Around 20,000 people live in the mining town of Chiatura, located in a manganese-rich valley in the west Georgian region of Imereti. Back in the mid-1950s, when the mining industry was more prosperous and the population much higher, and Georgia was part of the USSR, the Soviet government installed a network of cable cars to transport manganese production workers more efficiently.
Though the hammer-and-sickle crowd has long since departed, many of these cable car lines continue to operate. The rusty, creaking cabins are the main form of transport for miners and factory workers traveling up the mountain. Some Chiatura kids also use the cable cars to get to school.
The ride up the mountain is less scary than it looks, but the odd incident does occur. During an interview for Chiatura, My Pride, a 2011 short film, a cable car rider says she was in mid-journey in 2007 when one of the cables tore. Despite initial screams, all 17 passengers calmed down enough to joke around and were rescued one by one by mountain climbers dispatched from the capital, Tbilisi.
Day to day, the greater issue seems to be dealing with drunk miners. Another cable operator interviewed in the film says that, while the official policy is to not let intoxicated people onto the cars, miners are often impervious to such requests. In those instances, she says, “we just hug drunk people so they cannot fall down.”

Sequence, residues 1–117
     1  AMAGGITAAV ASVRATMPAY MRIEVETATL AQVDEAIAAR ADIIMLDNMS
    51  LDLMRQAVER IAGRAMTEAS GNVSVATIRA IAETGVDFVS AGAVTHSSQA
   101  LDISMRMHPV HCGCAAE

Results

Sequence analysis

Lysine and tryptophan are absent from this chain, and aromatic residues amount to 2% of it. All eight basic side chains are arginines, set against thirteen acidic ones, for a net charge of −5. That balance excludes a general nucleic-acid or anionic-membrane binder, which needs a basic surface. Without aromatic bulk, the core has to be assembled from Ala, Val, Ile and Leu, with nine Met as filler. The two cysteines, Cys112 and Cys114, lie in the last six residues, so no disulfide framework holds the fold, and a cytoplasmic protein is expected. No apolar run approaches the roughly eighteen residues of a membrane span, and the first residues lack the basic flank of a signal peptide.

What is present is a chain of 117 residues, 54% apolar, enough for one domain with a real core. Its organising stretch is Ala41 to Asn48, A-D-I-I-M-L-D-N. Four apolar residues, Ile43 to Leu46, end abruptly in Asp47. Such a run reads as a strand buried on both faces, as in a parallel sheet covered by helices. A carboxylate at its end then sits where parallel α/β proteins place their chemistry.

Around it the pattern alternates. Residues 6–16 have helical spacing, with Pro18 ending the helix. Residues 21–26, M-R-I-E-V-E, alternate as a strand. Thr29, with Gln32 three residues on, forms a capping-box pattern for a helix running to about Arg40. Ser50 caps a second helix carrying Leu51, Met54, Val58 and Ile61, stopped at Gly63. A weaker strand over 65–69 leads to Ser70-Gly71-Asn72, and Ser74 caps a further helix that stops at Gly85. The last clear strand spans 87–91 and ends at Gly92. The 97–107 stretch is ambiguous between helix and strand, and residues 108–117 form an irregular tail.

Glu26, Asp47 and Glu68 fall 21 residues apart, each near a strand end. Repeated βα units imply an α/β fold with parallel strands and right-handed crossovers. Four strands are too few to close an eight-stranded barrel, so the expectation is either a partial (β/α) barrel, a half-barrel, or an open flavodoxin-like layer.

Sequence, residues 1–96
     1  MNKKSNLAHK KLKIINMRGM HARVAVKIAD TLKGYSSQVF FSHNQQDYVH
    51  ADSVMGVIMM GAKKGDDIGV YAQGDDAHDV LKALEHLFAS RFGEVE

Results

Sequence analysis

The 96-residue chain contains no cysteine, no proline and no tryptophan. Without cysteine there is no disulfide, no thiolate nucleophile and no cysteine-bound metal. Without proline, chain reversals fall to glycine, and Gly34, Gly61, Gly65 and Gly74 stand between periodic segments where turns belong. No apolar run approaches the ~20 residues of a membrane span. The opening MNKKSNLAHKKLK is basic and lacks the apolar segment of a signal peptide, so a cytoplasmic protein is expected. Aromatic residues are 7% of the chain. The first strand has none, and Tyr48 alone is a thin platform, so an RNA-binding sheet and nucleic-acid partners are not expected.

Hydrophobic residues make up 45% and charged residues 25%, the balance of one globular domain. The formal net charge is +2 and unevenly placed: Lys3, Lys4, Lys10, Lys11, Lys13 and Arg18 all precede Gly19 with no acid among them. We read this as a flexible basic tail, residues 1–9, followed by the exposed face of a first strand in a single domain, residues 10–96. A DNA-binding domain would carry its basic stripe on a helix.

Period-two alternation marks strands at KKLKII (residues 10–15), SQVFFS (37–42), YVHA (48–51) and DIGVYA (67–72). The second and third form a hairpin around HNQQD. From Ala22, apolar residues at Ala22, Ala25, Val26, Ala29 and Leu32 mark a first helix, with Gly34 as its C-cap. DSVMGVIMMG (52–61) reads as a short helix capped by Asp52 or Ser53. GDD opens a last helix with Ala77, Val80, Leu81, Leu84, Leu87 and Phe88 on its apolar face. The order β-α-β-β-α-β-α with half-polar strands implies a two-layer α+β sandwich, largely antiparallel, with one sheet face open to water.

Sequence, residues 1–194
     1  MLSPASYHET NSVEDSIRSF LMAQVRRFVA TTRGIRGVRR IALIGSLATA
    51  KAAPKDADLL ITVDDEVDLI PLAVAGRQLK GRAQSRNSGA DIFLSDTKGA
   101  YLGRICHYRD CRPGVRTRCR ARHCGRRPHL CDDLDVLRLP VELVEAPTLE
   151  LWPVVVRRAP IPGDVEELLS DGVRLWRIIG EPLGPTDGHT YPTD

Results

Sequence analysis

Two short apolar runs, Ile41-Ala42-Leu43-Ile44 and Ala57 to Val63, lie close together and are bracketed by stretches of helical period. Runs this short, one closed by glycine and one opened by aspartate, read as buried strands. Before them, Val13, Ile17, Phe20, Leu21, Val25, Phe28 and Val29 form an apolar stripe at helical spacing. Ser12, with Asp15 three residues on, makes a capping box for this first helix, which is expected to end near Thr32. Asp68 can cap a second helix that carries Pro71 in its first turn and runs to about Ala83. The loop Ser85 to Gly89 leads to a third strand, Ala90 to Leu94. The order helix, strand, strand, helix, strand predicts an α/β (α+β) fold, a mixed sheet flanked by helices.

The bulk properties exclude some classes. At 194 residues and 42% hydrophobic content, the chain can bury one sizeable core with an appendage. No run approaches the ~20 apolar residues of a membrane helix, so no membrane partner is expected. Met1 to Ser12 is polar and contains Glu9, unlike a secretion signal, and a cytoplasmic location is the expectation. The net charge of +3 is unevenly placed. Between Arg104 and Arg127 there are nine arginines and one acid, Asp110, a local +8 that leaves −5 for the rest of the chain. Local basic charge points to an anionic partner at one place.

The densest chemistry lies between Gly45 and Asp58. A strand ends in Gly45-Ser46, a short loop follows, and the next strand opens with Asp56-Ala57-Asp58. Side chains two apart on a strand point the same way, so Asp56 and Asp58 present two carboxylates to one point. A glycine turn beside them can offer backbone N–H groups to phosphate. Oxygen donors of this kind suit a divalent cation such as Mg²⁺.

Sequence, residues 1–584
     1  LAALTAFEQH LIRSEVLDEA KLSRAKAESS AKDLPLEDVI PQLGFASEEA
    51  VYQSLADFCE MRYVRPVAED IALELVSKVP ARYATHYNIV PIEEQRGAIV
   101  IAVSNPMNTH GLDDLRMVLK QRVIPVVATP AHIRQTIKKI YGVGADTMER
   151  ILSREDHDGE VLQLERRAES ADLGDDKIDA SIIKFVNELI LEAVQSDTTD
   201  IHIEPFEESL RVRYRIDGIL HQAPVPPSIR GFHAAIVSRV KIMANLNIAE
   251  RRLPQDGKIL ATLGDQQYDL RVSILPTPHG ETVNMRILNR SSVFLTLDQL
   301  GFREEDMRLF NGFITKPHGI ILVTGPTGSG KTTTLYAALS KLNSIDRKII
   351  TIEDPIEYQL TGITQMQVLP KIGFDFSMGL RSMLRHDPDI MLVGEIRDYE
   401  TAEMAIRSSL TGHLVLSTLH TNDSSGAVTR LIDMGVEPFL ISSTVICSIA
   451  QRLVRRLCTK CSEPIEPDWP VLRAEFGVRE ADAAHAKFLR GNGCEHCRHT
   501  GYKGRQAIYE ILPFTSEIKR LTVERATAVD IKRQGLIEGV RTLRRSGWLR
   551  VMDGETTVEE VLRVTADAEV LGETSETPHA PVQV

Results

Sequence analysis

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The Strange Story of Australia’s Mysterious Marree Man
Charter pilot Trec Smith was flying over South Australia toward the opal mining town of Coober Pedy in June 1998 when he saw it: a 2.6-mile-tall naked indigenous man, his left arm raised and ready to launch a hunting stick toward unseen prey.
The perfectly proportioned figure, carved into the earth, was dubbed the Marree Man due to its proximity to the small outback town of Marree. Its wide lines, dug 10 inches into the ground, could only be seen from the air. But despite the planning, precision, and sheer boldness required to create it, no one came forward to claim authorship of the geoglyph—and apparently no one witnessed its creation.